I'm a US citizen. My spouse has Hungarian citizenship (as well as US).

As such, I know I can apply for permanent residence in Germany.

Here's the hitch:

I want to go over first, to find us a place to live. Then I'd bring her and the kids over afterwards.

But all the information I find about applying calls it "family reunification" and reads as though the EU spouse has to already live in Germany before I apply.

Can I go over first and apply for permanent residence in Germany on the basis of my EU spouse, or does she actually have to be physically present in Germany first?

  • Related: expatriates.stackexchange.com/questions/6056/….
    – phoog
    Commented May 16, 2016 at 18:24
  • Followup: I ended up obtaining a work visa with the help of my company and a consulting company they paid to verify the legalities. I'm working in Germany now. When my wife arrives later this year, I'll switch to a family reunification visa.
    – Kyralessa
    Commented Aug 29, 2016 at 20:33
  • family reunification visas are much harder to qualify for than EU residence cards. Don't go in asking about family reunification or they'll start talking about German language proficiency and the like.
    – phoog
    Commented Sep 28, 2016 at 6:24
  • @phoog, could you give more details? Why are they harder to qualify for? How much language proficiency would be necessary? I do speak German; I'm somewhere between a B1 and B2 level.
    – Kyralessa
    Commented Sep 28, 2016 at 6:42
  • Under EU rules, there is no language requirement. Just make certain that you always make it clear that you're applying under EU rules as the spouse of a Hungarian citizen. The EU route is easier and less expensive, and it gives you stronger legal rights to remain in Germany.
    – phoog
    Commented Sep 28, 2016 at 14:04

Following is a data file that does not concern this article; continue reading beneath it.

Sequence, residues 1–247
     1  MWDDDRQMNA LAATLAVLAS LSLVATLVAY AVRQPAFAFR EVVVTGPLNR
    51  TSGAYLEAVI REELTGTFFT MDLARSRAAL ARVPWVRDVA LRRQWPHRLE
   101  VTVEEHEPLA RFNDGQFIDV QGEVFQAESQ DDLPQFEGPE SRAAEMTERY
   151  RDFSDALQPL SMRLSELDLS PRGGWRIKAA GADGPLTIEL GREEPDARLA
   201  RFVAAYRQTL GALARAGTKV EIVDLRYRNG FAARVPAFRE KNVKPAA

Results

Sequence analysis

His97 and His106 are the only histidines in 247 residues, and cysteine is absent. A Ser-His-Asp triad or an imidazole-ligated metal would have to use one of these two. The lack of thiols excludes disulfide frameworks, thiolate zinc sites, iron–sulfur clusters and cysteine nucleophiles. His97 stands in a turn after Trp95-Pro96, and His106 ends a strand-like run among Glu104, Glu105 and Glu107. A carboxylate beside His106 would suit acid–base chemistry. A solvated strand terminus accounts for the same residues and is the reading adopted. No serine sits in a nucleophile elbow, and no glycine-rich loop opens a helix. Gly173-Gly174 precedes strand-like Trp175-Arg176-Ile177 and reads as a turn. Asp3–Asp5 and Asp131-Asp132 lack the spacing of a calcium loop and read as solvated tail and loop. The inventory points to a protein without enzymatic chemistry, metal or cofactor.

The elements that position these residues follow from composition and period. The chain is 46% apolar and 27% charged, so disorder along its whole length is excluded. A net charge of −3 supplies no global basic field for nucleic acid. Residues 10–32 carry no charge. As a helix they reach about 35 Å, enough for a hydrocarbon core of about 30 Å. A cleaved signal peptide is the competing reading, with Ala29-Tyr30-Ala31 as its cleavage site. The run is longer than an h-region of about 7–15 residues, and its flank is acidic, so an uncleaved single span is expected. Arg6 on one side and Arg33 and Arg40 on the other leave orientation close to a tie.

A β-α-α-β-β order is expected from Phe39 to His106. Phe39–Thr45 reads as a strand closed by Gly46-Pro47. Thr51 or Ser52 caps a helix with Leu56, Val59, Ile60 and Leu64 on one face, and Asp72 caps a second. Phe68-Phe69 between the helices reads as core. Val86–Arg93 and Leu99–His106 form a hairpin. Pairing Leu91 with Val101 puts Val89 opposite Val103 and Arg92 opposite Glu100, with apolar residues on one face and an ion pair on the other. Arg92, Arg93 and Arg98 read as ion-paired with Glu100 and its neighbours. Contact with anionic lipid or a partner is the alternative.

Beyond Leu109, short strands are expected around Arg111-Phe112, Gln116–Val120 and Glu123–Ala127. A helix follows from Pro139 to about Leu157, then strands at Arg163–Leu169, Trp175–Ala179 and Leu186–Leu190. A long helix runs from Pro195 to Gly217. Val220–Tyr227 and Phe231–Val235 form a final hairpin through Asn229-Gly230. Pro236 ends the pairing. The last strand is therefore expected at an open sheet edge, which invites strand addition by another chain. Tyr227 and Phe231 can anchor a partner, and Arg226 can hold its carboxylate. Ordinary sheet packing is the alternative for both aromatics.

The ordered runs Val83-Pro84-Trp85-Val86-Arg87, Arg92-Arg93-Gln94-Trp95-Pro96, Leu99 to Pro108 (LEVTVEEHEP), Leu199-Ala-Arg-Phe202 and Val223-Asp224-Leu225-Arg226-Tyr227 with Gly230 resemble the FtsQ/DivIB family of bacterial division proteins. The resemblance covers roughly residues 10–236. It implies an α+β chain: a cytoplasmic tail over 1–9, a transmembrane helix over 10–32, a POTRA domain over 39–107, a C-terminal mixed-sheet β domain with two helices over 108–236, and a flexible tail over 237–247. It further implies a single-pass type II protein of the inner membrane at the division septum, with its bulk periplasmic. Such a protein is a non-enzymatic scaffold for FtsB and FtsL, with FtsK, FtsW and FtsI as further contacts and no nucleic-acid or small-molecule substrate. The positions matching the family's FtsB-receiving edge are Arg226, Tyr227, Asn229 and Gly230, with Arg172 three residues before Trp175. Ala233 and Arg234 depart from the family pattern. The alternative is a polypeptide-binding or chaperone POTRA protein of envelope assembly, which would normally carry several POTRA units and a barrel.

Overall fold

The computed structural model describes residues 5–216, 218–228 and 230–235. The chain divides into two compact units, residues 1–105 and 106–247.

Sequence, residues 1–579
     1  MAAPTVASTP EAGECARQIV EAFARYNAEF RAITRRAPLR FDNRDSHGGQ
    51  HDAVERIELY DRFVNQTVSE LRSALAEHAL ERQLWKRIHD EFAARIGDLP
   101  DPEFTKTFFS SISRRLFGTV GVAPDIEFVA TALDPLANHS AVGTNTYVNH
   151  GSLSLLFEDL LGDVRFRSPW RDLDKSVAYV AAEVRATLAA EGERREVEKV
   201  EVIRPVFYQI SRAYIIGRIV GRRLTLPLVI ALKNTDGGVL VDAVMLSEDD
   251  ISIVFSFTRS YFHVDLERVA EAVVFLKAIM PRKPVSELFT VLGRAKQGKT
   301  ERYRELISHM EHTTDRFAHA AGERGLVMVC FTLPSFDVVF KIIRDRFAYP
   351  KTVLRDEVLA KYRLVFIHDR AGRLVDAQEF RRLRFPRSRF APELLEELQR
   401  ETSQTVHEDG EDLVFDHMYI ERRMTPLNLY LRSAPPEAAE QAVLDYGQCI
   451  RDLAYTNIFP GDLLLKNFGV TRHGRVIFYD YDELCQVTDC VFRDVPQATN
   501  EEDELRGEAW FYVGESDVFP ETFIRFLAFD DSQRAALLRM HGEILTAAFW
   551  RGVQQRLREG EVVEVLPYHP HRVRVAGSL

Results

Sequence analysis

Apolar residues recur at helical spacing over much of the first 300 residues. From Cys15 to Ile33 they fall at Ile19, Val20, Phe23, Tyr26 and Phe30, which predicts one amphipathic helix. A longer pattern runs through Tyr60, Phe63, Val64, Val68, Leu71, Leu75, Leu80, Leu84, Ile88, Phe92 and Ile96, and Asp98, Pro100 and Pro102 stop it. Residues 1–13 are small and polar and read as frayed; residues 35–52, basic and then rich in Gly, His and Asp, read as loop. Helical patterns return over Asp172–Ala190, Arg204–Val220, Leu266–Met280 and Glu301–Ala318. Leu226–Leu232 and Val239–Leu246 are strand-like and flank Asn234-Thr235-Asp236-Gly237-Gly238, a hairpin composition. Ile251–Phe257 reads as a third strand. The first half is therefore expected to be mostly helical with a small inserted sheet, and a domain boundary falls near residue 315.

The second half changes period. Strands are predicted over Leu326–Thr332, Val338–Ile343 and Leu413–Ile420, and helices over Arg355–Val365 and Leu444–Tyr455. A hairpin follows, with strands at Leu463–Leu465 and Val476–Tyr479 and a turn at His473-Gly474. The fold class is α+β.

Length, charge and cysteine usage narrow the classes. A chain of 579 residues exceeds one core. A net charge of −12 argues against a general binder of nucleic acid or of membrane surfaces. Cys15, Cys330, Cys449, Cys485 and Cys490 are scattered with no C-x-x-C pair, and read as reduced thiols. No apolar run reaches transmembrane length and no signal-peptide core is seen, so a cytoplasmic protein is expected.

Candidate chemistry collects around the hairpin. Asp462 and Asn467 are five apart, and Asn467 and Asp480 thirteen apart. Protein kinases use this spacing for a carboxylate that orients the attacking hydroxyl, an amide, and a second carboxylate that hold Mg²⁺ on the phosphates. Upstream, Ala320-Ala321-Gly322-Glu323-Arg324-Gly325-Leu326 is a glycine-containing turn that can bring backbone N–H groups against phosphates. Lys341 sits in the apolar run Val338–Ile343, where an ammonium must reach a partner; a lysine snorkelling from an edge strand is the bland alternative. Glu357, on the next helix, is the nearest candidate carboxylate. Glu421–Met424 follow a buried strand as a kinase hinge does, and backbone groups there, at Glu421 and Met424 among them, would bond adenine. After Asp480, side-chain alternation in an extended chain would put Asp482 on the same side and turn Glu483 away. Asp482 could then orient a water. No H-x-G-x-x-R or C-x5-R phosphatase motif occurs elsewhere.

1 Answer 1


She has to be in Germany before you can apply for your residence permit. But you could go with your 90-days-in-180 visa-free stay as a US citizen, and lay the groundwork. Once she joins you, you can apply for your residence permit. You won't need to leave Germany to do that; as soon as she arrives, you get the EU right of freedom of movement.

For your wife to stay longer than 90 days, she'll need to show that she is either

  • Studying
  • Working
  • Looking for work, or
  • Wealthy enough to support herself without working

Your ability to stay will be dependent on hers, at least for the first five years.

  • Would my job qualify her to be "wealth enough to support herself"? (I'll be able to keep my job, as my company has a couple of branches in Germany.)
    – Kyralessa
    Commented May 16, 2016 at 12:55
  • @Kyralessa I'm not sure how that works. I think there have been some related questions here. IIRC she might have to get a part-time job of some sort at least; there's a limit to the job-seeker arrangement.
    – phoog
    Commented May 16, 2016 at 15:43
  • @Kyralessa also keep in mind you can't officially work in Germany until your wife arrives to Germany.
    – kiradotee
    Commented May 29, 2016 at 17:23
  • 1
    @kiradotee, my company has said they can pay me for 180 days while I work out of the country before they have to officially have a legal entity in that country. So I have some leeway.
    – Kyralessa
    Commented May 29, 2016 at 18:10

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